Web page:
Tran J, Peng PWH, Agur AMR. Anatomical Study of the Innervation of Glenohumeral and Acromioclavicular Joint Capsules: Implications for Image-guided Intervention. Reg Anesth Pain Med. 2019 Jan 11; PubMed PMID: 30635516.
* Article titles in AMA citation format should be in sentence-case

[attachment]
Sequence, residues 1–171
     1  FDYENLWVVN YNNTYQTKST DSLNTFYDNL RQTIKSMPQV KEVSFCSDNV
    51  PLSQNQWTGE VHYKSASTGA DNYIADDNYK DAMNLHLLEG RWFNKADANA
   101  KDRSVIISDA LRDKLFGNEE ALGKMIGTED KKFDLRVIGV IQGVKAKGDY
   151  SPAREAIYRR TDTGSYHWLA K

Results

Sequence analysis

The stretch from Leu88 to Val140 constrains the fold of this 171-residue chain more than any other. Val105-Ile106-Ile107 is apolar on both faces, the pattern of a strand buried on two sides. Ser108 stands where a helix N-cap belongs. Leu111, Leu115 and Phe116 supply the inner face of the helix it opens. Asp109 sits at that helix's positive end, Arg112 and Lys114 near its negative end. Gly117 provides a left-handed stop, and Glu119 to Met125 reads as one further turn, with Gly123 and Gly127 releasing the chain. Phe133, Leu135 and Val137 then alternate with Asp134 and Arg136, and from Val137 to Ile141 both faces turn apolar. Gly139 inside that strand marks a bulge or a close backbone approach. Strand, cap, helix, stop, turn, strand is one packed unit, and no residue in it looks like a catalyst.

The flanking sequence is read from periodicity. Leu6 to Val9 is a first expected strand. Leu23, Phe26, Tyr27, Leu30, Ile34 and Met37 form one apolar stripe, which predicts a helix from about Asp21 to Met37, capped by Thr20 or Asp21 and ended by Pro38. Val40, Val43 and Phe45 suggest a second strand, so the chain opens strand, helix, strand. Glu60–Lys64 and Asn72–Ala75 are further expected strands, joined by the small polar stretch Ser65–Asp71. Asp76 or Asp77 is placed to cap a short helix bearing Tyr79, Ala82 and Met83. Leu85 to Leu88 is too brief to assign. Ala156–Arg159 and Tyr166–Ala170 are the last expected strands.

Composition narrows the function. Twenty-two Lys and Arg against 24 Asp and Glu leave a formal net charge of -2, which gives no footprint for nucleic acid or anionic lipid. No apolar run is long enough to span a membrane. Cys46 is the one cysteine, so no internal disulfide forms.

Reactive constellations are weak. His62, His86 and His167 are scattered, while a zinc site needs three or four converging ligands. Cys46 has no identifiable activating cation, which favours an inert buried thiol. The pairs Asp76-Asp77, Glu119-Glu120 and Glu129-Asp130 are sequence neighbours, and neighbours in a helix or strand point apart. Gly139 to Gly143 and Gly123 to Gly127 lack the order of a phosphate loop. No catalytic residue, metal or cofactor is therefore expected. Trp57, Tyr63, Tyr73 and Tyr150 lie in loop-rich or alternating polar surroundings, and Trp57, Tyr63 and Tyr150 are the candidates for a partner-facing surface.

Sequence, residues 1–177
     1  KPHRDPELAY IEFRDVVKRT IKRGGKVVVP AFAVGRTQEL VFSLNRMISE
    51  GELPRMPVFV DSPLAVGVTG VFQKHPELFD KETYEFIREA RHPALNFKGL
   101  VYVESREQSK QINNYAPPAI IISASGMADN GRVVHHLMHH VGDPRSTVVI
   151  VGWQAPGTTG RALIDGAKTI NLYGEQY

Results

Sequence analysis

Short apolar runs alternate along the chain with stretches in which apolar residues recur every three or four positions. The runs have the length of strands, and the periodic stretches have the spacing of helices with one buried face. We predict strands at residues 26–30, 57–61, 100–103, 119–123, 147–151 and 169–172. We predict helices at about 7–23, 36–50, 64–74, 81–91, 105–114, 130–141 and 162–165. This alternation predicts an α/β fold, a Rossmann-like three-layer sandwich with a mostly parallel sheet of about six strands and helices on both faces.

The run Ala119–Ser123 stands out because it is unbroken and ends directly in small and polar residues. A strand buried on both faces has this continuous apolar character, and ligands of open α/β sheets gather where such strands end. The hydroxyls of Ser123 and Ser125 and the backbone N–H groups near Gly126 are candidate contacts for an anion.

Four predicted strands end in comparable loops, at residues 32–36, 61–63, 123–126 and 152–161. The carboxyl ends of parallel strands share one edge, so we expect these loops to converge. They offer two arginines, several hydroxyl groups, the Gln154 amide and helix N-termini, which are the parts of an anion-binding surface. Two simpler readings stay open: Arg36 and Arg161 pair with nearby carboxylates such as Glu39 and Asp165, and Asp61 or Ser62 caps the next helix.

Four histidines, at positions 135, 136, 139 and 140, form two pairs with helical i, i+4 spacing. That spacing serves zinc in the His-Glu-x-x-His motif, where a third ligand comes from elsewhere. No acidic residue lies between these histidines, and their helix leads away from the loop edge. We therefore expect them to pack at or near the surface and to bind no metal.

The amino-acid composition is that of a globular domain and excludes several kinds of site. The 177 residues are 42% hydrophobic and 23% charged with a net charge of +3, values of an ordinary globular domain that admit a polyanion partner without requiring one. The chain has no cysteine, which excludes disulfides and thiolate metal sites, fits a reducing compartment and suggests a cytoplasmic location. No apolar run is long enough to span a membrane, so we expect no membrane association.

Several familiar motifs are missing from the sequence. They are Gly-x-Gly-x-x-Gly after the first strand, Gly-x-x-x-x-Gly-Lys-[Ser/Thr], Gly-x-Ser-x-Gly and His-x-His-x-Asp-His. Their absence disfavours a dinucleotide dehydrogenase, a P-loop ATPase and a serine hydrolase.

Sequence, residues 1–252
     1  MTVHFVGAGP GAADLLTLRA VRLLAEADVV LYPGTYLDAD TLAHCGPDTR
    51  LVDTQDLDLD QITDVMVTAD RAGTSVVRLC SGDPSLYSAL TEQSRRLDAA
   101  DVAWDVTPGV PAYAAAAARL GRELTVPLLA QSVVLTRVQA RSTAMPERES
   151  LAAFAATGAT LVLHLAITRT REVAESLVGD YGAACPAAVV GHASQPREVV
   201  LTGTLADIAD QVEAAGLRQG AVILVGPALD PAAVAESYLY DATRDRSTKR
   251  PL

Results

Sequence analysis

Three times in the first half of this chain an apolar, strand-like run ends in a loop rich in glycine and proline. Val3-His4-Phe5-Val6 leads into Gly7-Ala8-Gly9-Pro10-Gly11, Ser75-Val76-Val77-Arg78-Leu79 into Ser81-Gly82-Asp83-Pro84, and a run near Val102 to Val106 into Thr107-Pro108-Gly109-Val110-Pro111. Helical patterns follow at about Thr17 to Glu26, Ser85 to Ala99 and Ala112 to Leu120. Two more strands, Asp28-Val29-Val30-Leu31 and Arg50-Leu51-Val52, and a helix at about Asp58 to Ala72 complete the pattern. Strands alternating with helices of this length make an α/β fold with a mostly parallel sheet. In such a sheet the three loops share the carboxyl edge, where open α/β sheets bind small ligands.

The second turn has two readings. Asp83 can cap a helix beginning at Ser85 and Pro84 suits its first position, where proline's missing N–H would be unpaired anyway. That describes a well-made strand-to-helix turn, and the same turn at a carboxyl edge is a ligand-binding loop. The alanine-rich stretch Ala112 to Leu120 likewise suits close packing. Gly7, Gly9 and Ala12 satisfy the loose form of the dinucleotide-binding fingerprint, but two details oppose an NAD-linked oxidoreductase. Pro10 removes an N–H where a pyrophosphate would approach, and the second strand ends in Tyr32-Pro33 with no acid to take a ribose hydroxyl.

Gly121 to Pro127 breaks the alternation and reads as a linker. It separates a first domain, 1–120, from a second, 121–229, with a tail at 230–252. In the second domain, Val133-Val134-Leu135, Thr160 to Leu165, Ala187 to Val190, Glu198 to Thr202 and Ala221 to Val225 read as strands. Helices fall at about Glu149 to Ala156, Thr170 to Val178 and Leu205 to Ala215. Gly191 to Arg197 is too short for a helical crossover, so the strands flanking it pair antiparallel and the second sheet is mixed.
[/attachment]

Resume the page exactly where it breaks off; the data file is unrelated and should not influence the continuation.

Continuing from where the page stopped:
TY - JOUR T1 - Anatomical study of the innervation of glenohumeral and acromioclavicular joint capsules: implications for image-guided intervention. AU - Tran,John, AU - Peng,Philip W H, AU - Agur,Anne M R, Y1 - 2019/01/11/ PY - 2018/10/03/received PY - 2018/11/29/revised PY - 2018/12/10/accepted PY - 2019/1/13/entrez PY - 2019/1/13/pubmed PY - 2019/1/13/medline KW - anatomy KW - joint innervation KW - nerve blocks KW - radiofrequency ablation KW - shoulder joint JF - Regional anesthesia and pain medicine JO - Reg Anesth Pain Med N2 - BACKGROUND AND OBJECTIVES: In 2011, chronic shoulder joint pain was reported by 18.7 million Americans. Image-guided radiofrequency ablation has emerged as an alternative intervention to manage chronic shoulder joint pain. To optimize the effectiveness of shoulder denervation, it requires a detailed understanding of the nerve supply to the glenohumeral and acromioclavicular joints relative to landmarks visible with image guidance. The purpose of this cadaveric study was to determine the origin, course, relationships to bony landmarks, and frequency of articular branches innervating the glenohumeral and acromioclavicular joints. METHODS: Fifteen cadaveric specimens were meticulously dissected. The origin, course, and termination of articular branches supplying the glenohumeral and acromioclavicular joints were documented. The frequency of each branch was determined and used to generate a frequency map that included their relationships to bony and soft tissue landmarks. RESULTS: In all specimens, the posterosuperior quadrant of the glenohumeral joint was supplied by suprascapular nerve; posteroinferior by posterior division of axillary nerve; anterosuperior by superior nerve to subscapularis; and anteroinferior by main trunk of axillary nerve. Less frequent innervation was found from lateral pectoral nerve and posterior cord. The acromioclavicular joint was found to be innervated by the lateral pectoral and acromial branch of suprascapular nerves in all specimens. Bony and soft tissue landmarks were identified to localize each nerve. CONCLUSIONS: The frequency map of the articular branches supplying the glenohumeral and acromioclavicular joints, as well as their relationship to bony and soft tissue landmarks, provide an anatomical foundation to develop novel shoulder denervation and perioperative pain management protocols. SN - 1532-8651 UR - https://www.unboundmedicine.com/medline/citation/30635516/Anatomical_study_of_the_innervation_of_glenohumeral_and_acromioclavicular_joint_capsules:_implications_for_image_guided_intervention_ DB - PRIME DP - Unbound Medicine ER -